Picking up a new hobby can always be daunting – making sure you have the right materials, learning a lot of new terms, and figuring out what project to even start on. This is a quick-and-dirty crochet 101 crash course on the very basics, to help you on your crochet journey!
You can go all out on materials, but here’s a few basics which should be enough to get you started. You can read a little bit more about selecting yarn, crochet hooks and safety eyes below.
- Crochet hook
- Safety eyes
- Felt (optional, used on some projects)
- Fabric glue (optional, I use with felt)
- Stitch markers
- No need to buy anything fancy to use as a stitch marker – I find bobby pins to be a perfect tool for the job, and they’re much easier to find!
- Yarn needle
- such as polyester fiberfill, or hobbyfill, which you can usually find at a craft store. If you have any old pillows lying around you can sacrifice, you can also cut them open and use the stuffing inside.
Yarn / Wool
Yarn comes in a lot of different blends and weight, which can be a bit overwhelming when you’re just starting out. For your first project it’s always a bit easier to start with something cheap and easy to find, so you don’t put too much pressure on yourself to do a perfect job with your pricey wool.
I started on 100% acrylic yarn from my local department store; and to be honest still use it in the majority of my projects because it’s easy to find and usually has a great colour range.
I recommend using whatever weight is the most common when starting. For me in Australia, that’s an 8ply yarn. In the US I believe it’s Worsted Weight yarn, and in the UK I think it’s Double Knit (DK) – but please correct me if I’m wrong! You can usually tell pretty quickly just by the abundance of one type of yarn compared to others.
The biggest thing to watch out for as a beginner is that the thinner your yarn is, the smaller your crochet hook will need to be to prevent holes in your work showing through.
And one last thing to note on yarn – if you’re grabbing a couple of different colours for the same project, make sure they have the same gauge. You can usually see the gauge on the paper wrapped around the yarn – the symbol looks something like this:
You can read more about gauge here if you’re interested. To start with, you just need to make sure the numbers are the same so that your stitches turn out the same size in the different colours.
For all of my patterns I use a 3.00mm crochet hook, or a D size hook. I think this might be a fairly uncommon size in the US though (I think 3.5mm is a bit easier to find). For amigurumi, any hook that’s about 3.00mm – 4.50mm will be just fine. Some beginners find it easier to start with a larger hook, but it’s up to you. As I mentioned above, the larger the hook, the larger your stitches will be (and so the larger the space, or ‘holes’ between them); that’s why we want to stay with a pretty small hook for amigurumi.
I use a aluminium hook with a hard plastic handle – but that’s just my personal preference. You can find so many different crochet hooks, bamboo, plastic, metal, soft handle, hard handle, I even have one stashed away somewhere with an in-built light! The only way to know what your favourite will be is for you is to try them out, but any type of material is fine to start with.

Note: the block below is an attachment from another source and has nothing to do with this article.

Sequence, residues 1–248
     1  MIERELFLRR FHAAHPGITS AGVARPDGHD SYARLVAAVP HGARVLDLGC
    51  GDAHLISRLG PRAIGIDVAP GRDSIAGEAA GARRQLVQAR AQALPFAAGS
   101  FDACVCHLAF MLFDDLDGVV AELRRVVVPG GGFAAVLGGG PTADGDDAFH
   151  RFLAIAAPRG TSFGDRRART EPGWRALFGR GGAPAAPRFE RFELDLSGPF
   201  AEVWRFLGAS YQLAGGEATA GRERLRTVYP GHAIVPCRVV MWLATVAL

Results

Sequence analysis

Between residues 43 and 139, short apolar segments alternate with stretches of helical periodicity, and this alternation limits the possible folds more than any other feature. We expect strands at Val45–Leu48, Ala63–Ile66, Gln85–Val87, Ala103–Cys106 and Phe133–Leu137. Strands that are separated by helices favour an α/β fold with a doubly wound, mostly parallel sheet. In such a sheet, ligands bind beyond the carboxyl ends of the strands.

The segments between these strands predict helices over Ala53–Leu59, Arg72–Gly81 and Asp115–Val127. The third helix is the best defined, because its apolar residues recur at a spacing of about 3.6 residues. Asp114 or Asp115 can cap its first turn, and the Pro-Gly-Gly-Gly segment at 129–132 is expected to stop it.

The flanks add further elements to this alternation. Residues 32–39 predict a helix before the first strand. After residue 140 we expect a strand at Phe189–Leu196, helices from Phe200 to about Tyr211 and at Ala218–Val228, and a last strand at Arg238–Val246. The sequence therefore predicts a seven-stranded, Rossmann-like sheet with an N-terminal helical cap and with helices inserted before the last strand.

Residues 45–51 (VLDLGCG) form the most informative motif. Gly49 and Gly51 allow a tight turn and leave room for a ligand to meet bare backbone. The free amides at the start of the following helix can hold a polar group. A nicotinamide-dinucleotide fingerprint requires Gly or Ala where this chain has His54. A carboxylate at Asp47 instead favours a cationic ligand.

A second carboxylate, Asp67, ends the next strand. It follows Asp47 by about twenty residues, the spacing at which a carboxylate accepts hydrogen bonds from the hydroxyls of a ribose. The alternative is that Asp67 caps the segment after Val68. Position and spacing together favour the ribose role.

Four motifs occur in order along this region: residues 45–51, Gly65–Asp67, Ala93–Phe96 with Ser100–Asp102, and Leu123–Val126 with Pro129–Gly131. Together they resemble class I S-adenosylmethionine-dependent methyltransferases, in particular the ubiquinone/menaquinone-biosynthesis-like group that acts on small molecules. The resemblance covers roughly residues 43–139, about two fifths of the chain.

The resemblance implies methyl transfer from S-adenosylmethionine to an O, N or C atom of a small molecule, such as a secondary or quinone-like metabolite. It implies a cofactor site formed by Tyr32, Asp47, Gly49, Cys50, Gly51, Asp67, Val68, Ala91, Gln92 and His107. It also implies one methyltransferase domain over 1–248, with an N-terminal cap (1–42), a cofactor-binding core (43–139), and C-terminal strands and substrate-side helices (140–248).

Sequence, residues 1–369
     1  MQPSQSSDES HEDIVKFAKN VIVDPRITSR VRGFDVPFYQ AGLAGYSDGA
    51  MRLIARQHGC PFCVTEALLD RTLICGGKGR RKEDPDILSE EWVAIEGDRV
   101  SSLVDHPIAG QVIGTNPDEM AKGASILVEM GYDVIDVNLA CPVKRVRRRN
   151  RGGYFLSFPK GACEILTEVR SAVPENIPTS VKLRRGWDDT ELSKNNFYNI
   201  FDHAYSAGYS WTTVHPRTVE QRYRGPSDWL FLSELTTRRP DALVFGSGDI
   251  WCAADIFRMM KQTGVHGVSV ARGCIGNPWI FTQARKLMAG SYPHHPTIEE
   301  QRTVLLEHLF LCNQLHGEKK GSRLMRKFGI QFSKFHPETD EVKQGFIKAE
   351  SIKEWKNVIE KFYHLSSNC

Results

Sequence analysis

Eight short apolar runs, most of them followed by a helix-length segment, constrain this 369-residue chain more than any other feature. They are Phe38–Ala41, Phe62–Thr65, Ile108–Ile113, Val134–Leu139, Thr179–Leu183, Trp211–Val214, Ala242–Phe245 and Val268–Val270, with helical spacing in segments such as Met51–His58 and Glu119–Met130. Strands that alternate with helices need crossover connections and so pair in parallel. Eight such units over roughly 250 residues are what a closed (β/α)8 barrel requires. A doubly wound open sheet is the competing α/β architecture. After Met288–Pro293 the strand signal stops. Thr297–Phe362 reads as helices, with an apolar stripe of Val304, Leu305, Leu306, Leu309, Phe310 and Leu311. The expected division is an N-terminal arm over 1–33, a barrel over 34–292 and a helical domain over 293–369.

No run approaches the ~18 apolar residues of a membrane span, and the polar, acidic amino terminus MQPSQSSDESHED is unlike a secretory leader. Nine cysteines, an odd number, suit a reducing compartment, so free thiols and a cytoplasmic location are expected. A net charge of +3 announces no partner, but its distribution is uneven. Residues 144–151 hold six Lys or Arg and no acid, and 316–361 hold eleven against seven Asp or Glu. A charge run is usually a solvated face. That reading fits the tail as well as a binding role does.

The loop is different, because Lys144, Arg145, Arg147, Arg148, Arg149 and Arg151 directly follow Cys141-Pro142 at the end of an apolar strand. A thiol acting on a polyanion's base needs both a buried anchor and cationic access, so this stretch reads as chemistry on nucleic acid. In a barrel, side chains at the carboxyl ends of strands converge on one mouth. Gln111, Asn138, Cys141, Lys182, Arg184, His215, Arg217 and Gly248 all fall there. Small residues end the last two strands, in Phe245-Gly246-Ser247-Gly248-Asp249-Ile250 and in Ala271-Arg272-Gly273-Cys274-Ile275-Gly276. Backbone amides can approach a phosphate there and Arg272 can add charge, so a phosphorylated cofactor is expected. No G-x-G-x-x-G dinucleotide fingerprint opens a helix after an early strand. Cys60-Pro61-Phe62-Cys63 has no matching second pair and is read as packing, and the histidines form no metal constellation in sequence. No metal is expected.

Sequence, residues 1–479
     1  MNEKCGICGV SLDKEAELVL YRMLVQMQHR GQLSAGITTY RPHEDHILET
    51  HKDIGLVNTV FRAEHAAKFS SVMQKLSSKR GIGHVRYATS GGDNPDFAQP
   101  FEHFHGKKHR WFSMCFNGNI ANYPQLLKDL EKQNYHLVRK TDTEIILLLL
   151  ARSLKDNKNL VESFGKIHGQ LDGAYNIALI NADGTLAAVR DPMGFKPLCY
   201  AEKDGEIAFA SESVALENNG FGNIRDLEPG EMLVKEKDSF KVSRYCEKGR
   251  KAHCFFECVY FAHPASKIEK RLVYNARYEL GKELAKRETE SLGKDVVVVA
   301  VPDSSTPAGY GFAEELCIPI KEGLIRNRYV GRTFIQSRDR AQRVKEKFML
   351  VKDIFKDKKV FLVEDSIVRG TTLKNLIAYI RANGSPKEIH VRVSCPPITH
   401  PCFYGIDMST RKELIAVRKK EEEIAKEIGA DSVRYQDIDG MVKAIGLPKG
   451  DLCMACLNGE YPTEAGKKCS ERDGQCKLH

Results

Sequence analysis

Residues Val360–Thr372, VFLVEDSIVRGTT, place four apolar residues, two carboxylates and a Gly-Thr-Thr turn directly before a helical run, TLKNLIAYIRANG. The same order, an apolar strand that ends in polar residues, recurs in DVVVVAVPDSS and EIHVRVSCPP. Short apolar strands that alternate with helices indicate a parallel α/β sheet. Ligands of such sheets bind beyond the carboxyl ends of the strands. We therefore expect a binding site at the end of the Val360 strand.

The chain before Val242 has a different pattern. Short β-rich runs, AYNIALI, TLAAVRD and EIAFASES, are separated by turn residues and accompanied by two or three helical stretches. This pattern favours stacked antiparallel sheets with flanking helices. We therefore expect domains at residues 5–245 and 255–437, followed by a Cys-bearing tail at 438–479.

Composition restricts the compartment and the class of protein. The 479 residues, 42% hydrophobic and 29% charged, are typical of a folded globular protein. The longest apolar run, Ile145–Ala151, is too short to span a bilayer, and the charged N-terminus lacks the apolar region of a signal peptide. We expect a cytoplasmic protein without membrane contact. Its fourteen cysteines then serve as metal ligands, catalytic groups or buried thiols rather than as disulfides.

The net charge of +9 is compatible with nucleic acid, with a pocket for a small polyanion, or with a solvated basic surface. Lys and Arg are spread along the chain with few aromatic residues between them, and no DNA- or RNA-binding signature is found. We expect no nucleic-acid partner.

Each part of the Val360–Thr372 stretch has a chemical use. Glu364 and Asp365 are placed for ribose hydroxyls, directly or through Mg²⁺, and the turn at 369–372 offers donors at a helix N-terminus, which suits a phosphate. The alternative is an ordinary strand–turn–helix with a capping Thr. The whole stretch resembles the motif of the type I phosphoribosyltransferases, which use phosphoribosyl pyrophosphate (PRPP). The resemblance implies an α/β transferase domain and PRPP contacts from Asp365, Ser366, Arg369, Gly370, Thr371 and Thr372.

While not completely necessary to get started (you can add eyes by sewing / using felt / embroidering them on) I use them on almost every doll. You can usually find some at your local craft store. I get mine from Etsy and eBay.
Where to start
There are 4 crochet stitches that make up the building blocks of a majority of amigurumi – the magic ring, single crochet, increase and invisible decrease. If you can master these 4 stitches, it opens up a whole new world of patterns you’ll be ready to tackle.
If you don’t want to dive straight into an entire amigurumi doll just yet, one of the easiest ways to practice these stitches is by making a sphere. An example is below, but there’s one last thing to cover first.
Reading patterns is probably one of the most daunting things to learn as a beginner, but let’s break it down. There are a lot of different ways people can prefer to write out their patterns, so I’m going to focus on the format I prefer, and what you’ll find in all of the patterns on this site.
I’d written this out in a bit more detail already, so head over to the “How to read a pattern” page to see how it’s done, and see the stitch instructions broken down even further.
Your first sphere
To keep this nice and simple, we’re going to work the sphere entirely in one colour.
1. MR 6 (6)
2. inc 6 (12)
3. [ inc, sc ]x 6 (18)
4. [ inc, sc 2 ]x 6 (24)
5. [ inc, sc 3 ]x 6 (30)
6. [ inc, sc 4 ]x 6 (36)
7-12. sc 36 (36)
13. [ dec, sc 4 ]x 6 (30)
14. [ dec, sc 3 ]x 6 (24)
15. [ dec, sc 2 ]x 6 (18)*
16. [ dec, sc ]x 6 (12)
17. dec 6 (6)
*At this point, you want to stuff the sphere firmly.
I’m ready to make something!
Once you feel ready to tackle a doll from start to finish, check out some of my beginner patterns. I recommend Luna and Artemis if you’re just starting out – they’re worked entirely in one colour, and use only the four stitches mentioned above!
The next techniques you’ll want to tackle are attaching amigurumi pieces, colour changes, and learning the difference between the right and wrong side of amigurumi. Polishing off these techniques can make a huge difference in how professional your finished product looks like.
The “right” and “wrong” side of amigurumi
The online crochet community is fantastic, and YouTube is your best friend if you get stuck on any techniques. We also have a number of quick, to the point videos available through our crochet amigurumi 101 series over on Instagram. There are heaps of amazing, free patterns out there to discover; and plenty of paid ones that help support your favourite creators.
And for a final note, I should warn you, crocheting is very addictive 😉 Good luck!